Skype real-time Translator Preview available to all

Skype translator
Skype translator at work. Image: Microsoft



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13 May 2015 | 0

Your Star Trek-style universal communicator is ready for download.

Well, it’s not exactly universal, but Microsoft’s Skype Translator Preview is a step into the future. The company announced on Tuesday that the beta app is now available to all Windows 8.1 and Windows 10 Technical Preview users, no sign-up or wait list needed.

If you want to have a translated, spoken conversation with someone who speaks Italian, Mandarin, or Spanish, just download the free app from the Windows Store. Microsoft says Skype Translator works with almost any Skype client, meaning only you need to be the one with the Translator app enabled.
The app can also translate instant message conversations in more than 50 languages including the oh-so-geeky favourite: Klingon.

Translator looks almost exactly the same as the standard Windows Modern UI Skype app. The most important difference is the translation slider button that appears under the name of each contact when you are in conversation view.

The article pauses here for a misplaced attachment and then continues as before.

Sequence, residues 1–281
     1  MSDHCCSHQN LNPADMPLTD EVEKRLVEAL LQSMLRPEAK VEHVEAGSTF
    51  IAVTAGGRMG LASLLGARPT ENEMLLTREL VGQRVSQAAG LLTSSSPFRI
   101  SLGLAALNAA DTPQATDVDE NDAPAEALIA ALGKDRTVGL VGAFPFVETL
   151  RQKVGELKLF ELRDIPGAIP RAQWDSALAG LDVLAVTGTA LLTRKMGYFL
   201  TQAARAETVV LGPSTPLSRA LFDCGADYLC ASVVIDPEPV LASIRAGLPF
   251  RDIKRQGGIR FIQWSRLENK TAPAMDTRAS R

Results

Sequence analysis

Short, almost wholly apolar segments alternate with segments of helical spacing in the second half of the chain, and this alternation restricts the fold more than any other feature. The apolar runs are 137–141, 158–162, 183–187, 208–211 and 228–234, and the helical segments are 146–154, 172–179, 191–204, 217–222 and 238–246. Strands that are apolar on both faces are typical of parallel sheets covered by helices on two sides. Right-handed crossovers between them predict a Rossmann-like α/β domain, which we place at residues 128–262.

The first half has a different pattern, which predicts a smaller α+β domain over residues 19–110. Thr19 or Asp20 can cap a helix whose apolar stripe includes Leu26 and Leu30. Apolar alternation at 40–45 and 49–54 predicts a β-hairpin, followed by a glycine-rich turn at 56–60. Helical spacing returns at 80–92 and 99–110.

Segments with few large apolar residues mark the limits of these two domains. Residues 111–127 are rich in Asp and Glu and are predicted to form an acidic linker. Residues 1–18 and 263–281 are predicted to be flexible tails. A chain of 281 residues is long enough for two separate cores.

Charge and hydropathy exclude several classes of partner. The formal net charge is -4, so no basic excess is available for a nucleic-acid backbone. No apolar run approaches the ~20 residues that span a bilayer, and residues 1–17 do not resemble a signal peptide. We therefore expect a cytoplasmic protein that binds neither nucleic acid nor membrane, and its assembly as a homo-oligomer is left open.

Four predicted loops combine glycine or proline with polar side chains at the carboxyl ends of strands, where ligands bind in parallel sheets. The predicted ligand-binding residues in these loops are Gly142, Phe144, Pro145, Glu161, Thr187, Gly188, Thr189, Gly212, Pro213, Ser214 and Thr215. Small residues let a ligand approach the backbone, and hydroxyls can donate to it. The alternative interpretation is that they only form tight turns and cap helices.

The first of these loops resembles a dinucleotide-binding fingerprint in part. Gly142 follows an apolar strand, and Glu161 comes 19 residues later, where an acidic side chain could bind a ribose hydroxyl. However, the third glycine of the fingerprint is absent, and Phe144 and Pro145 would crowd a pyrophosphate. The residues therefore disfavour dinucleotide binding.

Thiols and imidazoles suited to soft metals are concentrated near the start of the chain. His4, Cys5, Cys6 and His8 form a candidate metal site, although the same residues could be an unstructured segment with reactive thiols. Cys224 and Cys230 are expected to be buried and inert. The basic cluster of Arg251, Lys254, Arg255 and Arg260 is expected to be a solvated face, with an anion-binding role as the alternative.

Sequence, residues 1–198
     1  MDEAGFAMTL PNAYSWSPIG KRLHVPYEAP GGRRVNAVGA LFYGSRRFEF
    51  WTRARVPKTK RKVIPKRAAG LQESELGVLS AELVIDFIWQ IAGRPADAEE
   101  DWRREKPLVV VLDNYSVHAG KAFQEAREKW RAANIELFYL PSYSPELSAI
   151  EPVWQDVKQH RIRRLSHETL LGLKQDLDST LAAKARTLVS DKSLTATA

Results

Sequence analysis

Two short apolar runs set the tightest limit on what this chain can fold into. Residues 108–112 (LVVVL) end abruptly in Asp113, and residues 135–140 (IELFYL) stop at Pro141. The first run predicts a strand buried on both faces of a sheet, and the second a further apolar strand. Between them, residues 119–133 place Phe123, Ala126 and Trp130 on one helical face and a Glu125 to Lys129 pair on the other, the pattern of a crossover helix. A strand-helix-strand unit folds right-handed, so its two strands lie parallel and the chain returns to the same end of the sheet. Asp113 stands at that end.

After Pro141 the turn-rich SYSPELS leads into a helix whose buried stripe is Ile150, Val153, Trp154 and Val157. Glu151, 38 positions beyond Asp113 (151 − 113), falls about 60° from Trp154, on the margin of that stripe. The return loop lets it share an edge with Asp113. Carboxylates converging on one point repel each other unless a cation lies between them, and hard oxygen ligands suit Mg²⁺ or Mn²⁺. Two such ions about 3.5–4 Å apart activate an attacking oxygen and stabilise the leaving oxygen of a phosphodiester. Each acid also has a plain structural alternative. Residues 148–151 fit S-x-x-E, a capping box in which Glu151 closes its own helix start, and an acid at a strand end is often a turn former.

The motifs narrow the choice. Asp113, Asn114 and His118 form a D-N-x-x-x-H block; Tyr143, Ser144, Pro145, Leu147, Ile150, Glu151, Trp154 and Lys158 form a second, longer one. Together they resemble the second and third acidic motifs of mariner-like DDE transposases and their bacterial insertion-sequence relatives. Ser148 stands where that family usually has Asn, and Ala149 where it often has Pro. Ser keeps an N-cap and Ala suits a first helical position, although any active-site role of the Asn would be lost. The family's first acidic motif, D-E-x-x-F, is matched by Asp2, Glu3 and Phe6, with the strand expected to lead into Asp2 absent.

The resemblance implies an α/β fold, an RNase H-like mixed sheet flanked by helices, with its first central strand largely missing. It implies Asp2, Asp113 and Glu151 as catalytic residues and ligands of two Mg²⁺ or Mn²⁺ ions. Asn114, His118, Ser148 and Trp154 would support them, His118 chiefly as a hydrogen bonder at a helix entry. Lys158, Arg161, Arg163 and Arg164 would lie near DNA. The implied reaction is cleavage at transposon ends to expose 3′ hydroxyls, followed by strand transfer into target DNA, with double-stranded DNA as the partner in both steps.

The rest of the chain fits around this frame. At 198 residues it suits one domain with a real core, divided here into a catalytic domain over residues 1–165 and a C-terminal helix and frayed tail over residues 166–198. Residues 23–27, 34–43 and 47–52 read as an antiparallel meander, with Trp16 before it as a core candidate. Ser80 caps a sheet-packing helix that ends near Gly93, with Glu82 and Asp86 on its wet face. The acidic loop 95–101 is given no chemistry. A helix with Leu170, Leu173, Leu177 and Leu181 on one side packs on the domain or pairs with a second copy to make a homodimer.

Skype Translator does not distinguish between spoken languages on the fly. Instead, you have to pre-set the languages each person is speaking or writing in. Translator will prompt you to do this when you flip the translation feature on, or you can click the language options underneath the slider.

During a Translator call, Microsoft advises you to use a headset with a microphone instead of a stand-alone mic. You should also use a wired connection rather than Wi-Fi. Translated calls also take longer to connect than a typical Skype call. You can find a complete list of Translator tips on Skype’s site.

Translator is only in the preview stage and it’s limited in the number of spoken languages it can translate. Nevertheless, the fact that Skype Translator exists and is now available to the public is a huge advance for online communication. Live translation of spoken languages has long been a dream of technologists, futurists, and sci-fi writers. Now, it’s becoming a reality. Perhaps even more surprising, it came from Microsoft first and not Google.


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